Virtue Ethics and Professional Roles

Virtue Ethics and Professional Roles

Virtue Ethics and Professional Roles

Virtue Ethics and Professional Roles

Synopsis

Taking medical and legal practice as key examples, the authors develop a rigorous articulation and defence of virtue ethics, contrasting it with other types of character-based ethical theories and showing that it offers a promising new approach to the ethics of professional roles. They provide insights into the central notions of professional detachment, professional integrity, and moral character in professional life, and demonstrate how a virtue-based approach can help us better understand what ethical professional-client relationships would be like.

Excerpt

Professionals, it is said, have no use for simple lists of virtues and vices. The complexities and constraints of professional roles create peculiar moral demands on the individuals who occupy them. Traits that are vices in ordinary life are praised as virtues in the context of professional roles. Should this disturb us, or is it naive to presume that things should be otherwise?

It is natural to turn for guidance on such matters to recent work in virtue ethics. Unfortunately, however, much of this writing suffers from a lack of detail about how the approach is to be applied to practical issues. This book is an attempt to address that problem. In what follows we develop a clear and rigorous account of virtue ethics, which explains how it differs from contemporary versions of rival ethical theories. We show why virtue ethics is to be preferred to those views, and explain how it offers a natural and promising approach to the ethics of professional roles. In doing so, we bring out how a properly developed virtue ethics can offer a promising way to resolve a central issue in professional ethics, in its ability to account for how professional roles can legitimately have their own action-guiding force, without compromising the broader values to which those roles are answerable.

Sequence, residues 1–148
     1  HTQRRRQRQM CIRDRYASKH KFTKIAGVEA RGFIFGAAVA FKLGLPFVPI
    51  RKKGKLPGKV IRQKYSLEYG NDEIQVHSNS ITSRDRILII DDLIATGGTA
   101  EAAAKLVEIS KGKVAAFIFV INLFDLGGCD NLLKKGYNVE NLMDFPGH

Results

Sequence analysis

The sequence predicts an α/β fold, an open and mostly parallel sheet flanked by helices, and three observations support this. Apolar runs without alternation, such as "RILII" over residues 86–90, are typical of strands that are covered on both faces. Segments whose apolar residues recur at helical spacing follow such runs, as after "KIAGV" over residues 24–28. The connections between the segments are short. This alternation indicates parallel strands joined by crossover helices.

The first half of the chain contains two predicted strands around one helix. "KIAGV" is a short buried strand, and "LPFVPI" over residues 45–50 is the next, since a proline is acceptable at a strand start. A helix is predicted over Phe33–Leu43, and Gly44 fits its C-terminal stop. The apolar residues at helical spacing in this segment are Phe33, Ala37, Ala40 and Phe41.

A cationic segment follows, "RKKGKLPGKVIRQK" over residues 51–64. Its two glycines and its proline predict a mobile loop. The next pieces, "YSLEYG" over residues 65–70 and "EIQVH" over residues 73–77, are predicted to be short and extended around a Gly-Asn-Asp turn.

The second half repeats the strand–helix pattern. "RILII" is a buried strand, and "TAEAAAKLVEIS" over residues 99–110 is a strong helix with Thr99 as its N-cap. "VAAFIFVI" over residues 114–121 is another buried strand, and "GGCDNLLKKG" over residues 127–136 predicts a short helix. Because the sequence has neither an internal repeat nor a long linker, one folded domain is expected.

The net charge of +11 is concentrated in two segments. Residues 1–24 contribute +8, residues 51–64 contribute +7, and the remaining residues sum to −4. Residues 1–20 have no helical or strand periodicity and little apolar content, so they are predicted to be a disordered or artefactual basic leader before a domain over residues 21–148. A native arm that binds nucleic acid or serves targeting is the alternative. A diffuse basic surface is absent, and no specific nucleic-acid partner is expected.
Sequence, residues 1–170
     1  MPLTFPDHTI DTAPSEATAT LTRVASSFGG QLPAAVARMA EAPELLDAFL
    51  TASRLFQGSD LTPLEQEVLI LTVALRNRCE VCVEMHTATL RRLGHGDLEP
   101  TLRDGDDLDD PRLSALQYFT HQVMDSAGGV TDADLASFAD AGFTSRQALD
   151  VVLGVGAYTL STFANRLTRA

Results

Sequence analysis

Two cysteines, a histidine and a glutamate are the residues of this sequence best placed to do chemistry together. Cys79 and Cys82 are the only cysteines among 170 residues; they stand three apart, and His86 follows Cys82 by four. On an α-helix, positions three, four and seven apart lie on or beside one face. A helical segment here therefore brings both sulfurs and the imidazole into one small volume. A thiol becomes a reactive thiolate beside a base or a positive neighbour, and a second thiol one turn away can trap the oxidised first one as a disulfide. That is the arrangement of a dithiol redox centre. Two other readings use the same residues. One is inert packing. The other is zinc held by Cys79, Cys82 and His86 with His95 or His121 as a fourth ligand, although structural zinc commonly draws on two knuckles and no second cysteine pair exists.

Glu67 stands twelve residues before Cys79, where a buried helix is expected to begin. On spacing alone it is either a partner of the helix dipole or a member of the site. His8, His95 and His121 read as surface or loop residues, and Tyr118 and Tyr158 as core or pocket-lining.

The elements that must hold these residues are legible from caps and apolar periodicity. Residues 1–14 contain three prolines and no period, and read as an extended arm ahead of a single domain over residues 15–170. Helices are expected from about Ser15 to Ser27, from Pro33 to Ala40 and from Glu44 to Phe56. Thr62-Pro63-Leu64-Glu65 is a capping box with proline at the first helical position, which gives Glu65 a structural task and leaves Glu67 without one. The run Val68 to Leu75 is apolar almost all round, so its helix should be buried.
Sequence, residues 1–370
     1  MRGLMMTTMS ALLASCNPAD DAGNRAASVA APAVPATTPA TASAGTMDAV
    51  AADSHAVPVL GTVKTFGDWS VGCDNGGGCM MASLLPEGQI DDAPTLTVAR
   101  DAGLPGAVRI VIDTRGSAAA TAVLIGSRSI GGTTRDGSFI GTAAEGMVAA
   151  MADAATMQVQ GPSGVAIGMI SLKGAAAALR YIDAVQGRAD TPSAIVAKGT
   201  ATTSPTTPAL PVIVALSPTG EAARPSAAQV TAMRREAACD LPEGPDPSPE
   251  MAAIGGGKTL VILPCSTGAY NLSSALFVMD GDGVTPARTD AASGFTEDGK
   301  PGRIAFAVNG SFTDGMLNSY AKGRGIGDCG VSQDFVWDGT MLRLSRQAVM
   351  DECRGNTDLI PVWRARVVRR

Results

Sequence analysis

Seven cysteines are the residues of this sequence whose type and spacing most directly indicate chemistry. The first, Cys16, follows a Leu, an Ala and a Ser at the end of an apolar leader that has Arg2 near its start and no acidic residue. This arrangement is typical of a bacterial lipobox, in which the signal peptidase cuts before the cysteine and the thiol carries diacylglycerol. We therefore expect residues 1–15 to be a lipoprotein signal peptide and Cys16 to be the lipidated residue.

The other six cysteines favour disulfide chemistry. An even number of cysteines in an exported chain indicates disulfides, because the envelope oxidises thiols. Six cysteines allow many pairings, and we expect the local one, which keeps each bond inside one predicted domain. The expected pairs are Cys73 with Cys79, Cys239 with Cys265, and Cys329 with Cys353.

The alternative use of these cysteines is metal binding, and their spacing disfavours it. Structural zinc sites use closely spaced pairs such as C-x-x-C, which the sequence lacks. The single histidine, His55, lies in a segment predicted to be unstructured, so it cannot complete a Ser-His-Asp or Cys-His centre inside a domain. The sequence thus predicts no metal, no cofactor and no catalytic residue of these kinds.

Our general aim is to show how a theoretically advanced virtue ethics offers a plausible and distinctive alternative to utilitarian and Kantian approaches to understanding and evaluating professional roles – in particular, the role morality of medical and legal practice. We argue for the merits of virtue ethics over these other approaches on both theoretical and practical grounds. In the theoretical chapters of the book, we develop the notion of a 'regulative ideal' as a way of explicating the relation between an ethical theory's criterion of rightness and its account of how agents are to be guided by this criterion. We draw on this notion in outlining a rigorous virtue-based account of moral justification, and in comparing and defending this account . . .

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